When a plot is reduced to nothing more than a summary, the nuances are lost and the emotion can be sucked out of it. We always hear stories about authors who had novels rejected multiple times, but it’s likely this was also a judgement on the synopsis, not just the sample chapters that agents often request

With this is mind, I plan to keep an eye on Poetizer, and find out how well – or badly – The Book Thief lends itself to poetry.

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Captioning the Moment

By law, UK broadcasters must make sure that a minimum percentage of their output is subtitled. This week, I’ve been finding out how this is done.

Traditionally, a typist would be listering to the broadcast and entering the words using a stenography machine. These have a keyboard that accepts syllables rather than individual letters, and complete words would appear to viewers.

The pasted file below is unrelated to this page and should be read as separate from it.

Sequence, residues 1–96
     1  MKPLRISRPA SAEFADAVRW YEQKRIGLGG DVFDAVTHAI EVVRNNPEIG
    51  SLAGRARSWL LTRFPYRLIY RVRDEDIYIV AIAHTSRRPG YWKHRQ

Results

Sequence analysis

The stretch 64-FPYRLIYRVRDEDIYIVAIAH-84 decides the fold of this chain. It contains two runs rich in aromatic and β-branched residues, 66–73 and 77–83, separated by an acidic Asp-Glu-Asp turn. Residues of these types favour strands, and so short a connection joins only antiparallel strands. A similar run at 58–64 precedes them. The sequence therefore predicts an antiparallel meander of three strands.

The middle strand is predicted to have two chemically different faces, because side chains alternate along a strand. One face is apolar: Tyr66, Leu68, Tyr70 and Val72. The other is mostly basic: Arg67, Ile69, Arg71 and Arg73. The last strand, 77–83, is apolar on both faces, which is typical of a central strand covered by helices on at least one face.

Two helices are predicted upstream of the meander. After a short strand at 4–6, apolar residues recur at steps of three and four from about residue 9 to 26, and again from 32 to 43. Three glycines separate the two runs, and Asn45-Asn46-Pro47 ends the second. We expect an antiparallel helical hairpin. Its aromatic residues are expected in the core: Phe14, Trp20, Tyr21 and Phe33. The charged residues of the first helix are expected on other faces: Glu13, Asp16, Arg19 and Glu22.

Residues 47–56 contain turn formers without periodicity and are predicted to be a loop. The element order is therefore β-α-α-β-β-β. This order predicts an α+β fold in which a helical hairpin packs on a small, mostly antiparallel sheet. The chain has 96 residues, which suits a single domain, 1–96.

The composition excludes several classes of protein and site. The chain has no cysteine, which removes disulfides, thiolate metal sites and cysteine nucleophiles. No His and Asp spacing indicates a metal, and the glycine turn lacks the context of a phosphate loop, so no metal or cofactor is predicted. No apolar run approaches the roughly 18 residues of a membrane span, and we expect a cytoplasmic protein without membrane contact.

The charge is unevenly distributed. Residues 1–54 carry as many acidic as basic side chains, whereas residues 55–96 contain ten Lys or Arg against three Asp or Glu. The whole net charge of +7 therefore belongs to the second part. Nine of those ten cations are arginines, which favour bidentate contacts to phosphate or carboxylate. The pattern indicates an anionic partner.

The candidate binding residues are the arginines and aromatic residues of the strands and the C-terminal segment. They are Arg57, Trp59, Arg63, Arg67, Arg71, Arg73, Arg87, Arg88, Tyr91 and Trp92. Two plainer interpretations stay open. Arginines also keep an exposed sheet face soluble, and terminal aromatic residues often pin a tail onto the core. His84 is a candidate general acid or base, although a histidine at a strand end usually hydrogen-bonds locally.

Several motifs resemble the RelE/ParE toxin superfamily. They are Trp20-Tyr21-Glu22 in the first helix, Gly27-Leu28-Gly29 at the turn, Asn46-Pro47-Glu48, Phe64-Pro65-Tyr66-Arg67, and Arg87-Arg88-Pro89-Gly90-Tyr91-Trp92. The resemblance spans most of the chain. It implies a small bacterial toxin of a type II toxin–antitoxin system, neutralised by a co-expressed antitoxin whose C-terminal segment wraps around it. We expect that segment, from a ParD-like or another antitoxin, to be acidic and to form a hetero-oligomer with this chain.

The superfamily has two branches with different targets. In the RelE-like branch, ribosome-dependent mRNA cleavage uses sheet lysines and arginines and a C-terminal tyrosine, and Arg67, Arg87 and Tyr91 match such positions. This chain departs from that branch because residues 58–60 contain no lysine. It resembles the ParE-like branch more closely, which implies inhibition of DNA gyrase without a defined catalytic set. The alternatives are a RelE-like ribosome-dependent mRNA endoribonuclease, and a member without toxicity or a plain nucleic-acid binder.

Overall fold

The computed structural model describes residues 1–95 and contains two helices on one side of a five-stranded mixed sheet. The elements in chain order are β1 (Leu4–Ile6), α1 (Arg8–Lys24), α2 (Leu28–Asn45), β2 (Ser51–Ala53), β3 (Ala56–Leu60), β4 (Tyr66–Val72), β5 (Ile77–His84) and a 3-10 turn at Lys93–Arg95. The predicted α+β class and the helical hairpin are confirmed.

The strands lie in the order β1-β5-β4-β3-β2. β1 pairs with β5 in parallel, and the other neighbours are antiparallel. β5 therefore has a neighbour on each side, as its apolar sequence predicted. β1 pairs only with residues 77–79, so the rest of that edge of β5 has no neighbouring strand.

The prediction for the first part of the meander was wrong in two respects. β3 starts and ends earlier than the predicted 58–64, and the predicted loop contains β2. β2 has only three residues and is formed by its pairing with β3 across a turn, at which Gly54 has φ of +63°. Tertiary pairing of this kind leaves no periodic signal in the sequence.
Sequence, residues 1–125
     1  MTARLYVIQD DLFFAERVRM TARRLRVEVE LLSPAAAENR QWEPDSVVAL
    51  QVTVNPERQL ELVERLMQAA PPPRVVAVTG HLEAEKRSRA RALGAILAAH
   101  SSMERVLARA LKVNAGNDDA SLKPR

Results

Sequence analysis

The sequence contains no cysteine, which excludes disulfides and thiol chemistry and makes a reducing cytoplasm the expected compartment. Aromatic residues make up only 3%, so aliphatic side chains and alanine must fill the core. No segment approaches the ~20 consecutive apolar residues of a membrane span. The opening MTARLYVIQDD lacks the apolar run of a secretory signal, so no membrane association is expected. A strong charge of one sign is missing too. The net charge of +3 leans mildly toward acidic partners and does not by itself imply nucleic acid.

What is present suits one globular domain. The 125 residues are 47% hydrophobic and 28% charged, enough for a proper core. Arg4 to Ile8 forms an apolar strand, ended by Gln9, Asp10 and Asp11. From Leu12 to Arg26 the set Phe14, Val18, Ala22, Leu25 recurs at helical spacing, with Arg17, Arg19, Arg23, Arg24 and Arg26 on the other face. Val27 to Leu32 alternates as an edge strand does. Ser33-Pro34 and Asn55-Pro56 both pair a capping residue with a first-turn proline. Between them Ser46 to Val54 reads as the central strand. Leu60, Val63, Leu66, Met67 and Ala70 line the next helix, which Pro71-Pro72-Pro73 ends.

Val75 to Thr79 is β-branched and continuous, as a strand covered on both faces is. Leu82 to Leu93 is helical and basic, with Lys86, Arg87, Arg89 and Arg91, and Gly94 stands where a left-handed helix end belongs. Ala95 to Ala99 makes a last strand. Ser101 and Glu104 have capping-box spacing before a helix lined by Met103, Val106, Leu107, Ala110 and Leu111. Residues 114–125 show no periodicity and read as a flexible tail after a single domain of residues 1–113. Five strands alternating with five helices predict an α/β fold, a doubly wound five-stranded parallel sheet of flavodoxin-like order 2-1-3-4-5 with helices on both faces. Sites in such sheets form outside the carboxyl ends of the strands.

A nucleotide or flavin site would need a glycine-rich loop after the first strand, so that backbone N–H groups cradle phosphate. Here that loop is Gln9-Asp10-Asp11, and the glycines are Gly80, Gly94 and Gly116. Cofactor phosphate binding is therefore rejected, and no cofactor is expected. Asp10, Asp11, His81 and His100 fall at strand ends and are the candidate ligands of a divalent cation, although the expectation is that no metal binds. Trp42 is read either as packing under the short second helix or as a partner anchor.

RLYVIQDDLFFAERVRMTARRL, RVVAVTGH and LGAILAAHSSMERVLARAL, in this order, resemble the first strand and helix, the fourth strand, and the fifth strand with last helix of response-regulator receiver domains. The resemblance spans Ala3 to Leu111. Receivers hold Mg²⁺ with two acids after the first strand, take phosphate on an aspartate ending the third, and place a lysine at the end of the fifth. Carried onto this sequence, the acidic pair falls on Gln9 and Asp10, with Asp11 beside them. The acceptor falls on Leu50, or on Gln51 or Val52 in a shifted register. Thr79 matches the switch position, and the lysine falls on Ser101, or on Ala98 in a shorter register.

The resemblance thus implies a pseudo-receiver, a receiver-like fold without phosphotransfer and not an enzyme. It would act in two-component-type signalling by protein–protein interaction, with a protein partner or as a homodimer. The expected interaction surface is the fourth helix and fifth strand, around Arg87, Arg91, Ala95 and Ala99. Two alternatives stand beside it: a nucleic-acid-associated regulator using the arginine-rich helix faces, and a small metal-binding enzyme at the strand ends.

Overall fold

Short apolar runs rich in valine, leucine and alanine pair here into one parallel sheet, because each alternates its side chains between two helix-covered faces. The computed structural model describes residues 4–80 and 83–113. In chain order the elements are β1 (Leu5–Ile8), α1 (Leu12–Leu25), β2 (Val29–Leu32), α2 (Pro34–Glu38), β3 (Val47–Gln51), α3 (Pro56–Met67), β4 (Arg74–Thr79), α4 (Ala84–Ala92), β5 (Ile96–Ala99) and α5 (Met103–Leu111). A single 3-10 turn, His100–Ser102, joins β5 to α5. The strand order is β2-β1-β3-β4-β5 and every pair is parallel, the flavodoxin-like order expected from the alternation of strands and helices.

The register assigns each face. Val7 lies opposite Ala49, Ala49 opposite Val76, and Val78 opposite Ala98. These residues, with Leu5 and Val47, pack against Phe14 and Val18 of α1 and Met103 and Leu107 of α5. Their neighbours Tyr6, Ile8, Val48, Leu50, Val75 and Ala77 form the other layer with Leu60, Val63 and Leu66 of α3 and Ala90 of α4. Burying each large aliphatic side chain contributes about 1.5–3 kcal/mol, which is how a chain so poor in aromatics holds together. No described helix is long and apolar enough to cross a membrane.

However, this method has been superseded by a technique called respeaking. Rather than a typist entering the words by hand, they listen to the audio and speak it into another microphone, where it’s converted into text by software.

So why not simply take the broadcast audio output and convert that directly into text? The computer would have to work out what is speech and to filter out any background noise such as applause, then it would need to be able to accommodate for different people’s accents and mannerisms. Lord Prescott, for instance, is notorious for not finishing his sentences.